Initial PuTTY terminal window.

    Note

    If you computer is connected to a remote network using VPN (such as a work related network), this may cause difficulty connecting from the computer to the Raspberry Pi using SSH.

  8. You are now ready to set up the Raspberry Pi for AWS Greengrass. First, run the following commands from a local Raspberry Pi terminal window or an SSH terminal window:

    sudo adduser --system ggc_user sudo addgroup --system ggc_group

    Next, run the following commands to install sqlite3:

    sudo apt-get update sudo apt-get install sqlite3
  9. Run the following commands to update the Linux kernel version of your Raspberry Pi.

    sudo apt-get install rpi-update sudo rpi-update b81a11258fc911170b40a0b09bbd63c84bc5ad59

    Although several kernel versions might work with AWS Greengrass, for the best security and performance, we recommend that you use the kernel version indicated in step 2. In order to activate the new firmware, reboot your Raspberry Pi:

    sudo reboot

    As applicable, reconnect to the Raspberry Pi using SSH after minute or so. Next, run the following command to ensure you have the correct kernel version:

    uname -a

    You should receive output similar to the following, the key item being the Linux Raspberry Pi version information 4.9.30:

    
                            Raspberry Pi "uname -a" command output showing kernel
                                version.
  10. To improve security on the Pi device, run the following commands to enable hardlink and softlink protection at operating system start-up.

    cd /etc/sysctl.d ls

    If you see the 98-rpi.conf file, use a text editor (such as leafpad, nano, or vi) to add the following two lines to the end of the file (you can run the text editor using the sudo command to avoid write permission issues, as in sudo nano 98-rpi.conf).

    fs.protected_hardlinks = 1 fs.protected_symlinks = 1

    If you do not see the 98-rpi.conf file, follow the instructions in the README.sysctl file.

    Now reboot the Pi:

    sudo reboot

    After about a minute, connect to the Pi using SSH as applicable and then run the following commands from a Raspberry Pi Terminal window to confirm the hardlink/symlink change:

    sudo sysctl -a 2> /dev/null | grep fs.protected

    You should see fs.protected_hardlinks = 1 and fs.protected_symlinks = 1.

  11. Your Raspberry Pi should now be ready for AWS Greengrass. To be sure that you have all of the dependencies required for AWS Greengrass, download the AWS Greengrass dependency checker .zip file from the GitHub repository and run it on the Pi as shown next. Note that x.x.x will be series of whole numbers, such as 1.3.0 or similar:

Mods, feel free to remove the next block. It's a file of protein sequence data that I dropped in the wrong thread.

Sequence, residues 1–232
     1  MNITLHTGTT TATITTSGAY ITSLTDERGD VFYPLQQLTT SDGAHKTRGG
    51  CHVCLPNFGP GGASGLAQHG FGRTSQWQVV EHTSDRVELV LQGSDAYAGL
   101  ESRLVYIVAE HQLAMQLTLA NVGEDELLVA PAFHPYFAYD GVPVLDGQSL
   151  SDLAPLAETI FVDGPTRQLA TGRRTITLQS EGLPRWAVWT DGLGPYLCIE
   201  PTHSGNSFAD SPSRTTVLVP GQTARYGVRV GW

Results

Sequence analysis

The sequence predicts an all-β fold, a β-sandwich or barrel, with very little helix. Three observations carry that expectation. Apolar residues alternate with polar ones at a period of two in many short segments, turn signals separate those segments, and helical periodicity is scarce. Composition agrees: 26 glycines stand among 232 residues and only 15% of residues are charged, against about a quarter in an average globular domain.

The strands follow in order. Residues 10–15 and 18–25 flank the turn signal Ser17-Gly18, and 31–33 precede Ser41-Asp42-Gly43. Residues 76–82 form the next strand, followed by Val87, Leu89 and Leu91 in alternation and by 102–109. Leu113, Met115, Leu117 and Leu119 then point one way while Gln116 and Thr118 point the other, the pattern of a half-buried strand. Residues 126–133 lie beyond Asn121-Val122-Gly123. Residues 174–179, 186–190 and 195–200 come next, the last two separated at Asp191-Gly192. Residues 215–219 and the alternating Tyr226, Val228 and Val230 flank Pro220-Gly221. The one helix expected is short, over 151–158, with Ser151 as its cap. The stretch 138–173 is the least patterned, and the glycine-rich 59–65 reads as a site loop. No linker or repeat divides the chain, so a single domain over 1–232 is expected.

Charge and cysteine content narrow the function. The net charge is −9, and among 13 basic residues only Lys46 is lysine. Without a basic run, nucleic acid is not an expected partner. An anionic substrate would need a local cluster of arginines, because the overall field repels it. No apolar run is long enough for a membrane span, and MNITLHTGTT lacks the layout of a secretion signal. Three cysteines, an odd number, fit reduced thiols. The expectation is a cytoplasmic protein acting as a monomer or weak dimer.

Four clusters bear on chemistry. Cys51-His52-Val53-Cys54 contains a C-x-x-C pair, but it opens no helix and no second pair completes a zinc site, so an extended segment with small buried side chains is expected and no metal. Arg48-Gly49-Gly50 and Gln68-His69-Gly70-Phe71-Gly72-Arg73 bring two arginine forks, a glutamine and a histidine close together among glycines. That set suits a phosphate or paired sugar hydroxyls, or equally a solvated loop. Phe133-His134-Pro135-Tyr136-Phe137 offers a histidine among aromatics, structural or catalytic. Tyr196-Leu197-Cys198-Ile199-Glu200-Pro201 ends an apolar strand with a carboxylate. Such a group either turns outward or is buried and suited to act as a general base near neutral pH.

cd /home/pi/Downloads git clone https://github.com/aws-samples/aws-greengrass-samples.git cd aws-greengrass-samples cd greengrass-dependency-checker-GGCvx.x.x sudo modprobe configs sudo ./check_ggc_dependencies | more

    With respect to the more command, press the Spacebar key to display another screen of text.

    Important

    Because this tutorial only uses the AWS IoT Device Python SDK, you can ignore the optional NodeJS 6.10 and Java 8 warnings that the check_ggc_dependencies script may produce.

    For information about the modprobe command, you can run man modprobe in a Terminal window.

Setting Up an Amazon EC2 Instance

  1. Sign in to the AWS Management Console and launch an Amazon EC2 instance using an Amazon Linux AMI (Amazon Machine Image). For information about Amazon EC2 instances, see the Amazon EC2 Getting Started Guide.

  2. Once your Amazon EC2 instance is running, enable port 8883 to allow incoming MQTT communications so that other devices can connect with the AWS Greengrass core. In the left pane of the Amazon EC2 console, choose Security Groups.

    
                            Left pane with Security Groups
                                highlighted.

    Choose the instance that you just launched, and then choose the Inbound tab.

    
                            Inbound tab highlighted.

    By default, only one port for SSH is enabled. To enable port 8883, choose the Edit button. Next, choose the Add Rule button and create a custom TCP rule as shown below, then choose Save.

  3. In the left pane, choose Instances, choose your instance, and then choose the Connect button. Connect to your Amazon EC2 instance by using SSH. You can use PuTTY for Windows or Terminal for macOS.

  4. Once connected to your Amazon EC2 instance through SSH, run the following commands to create user ggc_user and group ggc_group:

    sudo adduser --system ggc_user sudo groupadd --system ggc_group
  5. To improve security on the device, enable hardlink/softlink protection on the operating system at start-up. To do so, run the following commands: